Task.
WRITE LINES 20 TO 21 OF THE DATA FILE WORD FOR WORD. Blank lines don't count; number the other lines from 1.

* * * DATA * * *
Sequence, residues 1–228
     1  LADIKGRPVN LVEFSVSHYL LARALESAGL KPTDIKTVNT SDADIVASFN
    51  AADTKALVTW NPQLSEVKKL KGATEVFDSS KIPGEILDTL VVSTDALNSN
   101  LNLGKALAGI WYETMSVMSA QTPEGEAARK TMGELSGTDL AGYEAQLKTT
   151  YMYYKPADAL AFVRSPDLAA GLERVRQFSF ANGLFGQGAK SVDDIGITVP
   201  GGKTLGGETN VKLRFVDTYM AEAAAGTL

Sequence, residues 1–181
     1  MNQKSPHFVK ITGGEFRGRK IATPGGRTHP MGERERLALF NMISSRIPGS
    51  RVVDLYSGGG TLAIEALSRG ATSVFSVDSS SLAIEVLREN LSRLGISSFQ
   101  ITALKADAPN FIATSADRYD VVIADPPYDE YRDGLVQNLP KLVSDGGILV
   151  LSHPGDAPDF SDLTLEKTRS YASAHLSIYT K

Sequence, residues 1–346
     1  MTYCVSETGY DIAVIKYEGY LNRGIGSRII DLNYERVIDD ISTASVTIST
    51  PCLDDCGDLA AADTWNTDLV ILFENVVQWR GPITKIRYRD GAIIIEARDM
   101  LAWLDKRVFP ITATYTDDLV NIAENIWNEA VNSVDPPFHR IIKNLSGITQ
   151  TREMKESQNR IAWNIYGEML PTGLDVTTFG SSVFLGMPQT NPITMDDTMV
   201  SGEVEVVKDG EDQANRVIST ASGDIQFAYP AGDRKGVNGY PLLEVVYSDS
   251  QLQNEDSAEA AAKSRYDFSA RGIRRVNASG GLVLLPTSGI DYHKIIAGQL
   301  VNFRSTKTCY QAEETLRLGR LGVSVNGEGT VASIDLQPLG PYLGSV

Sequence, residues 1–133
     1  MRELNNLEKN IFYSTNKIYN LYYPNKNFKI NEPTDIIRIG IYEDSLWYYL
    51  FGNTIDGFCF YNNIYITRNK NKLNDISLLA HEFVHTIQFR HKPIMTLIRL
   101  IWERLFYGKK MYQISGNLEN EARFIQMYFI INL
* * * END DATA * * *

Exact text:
Sequence, residues 1–133
     1  MRELNNLEKN IFYSTNKIYN LYYPNKNFKI NEPTDIIRIG IYEDSLWYYL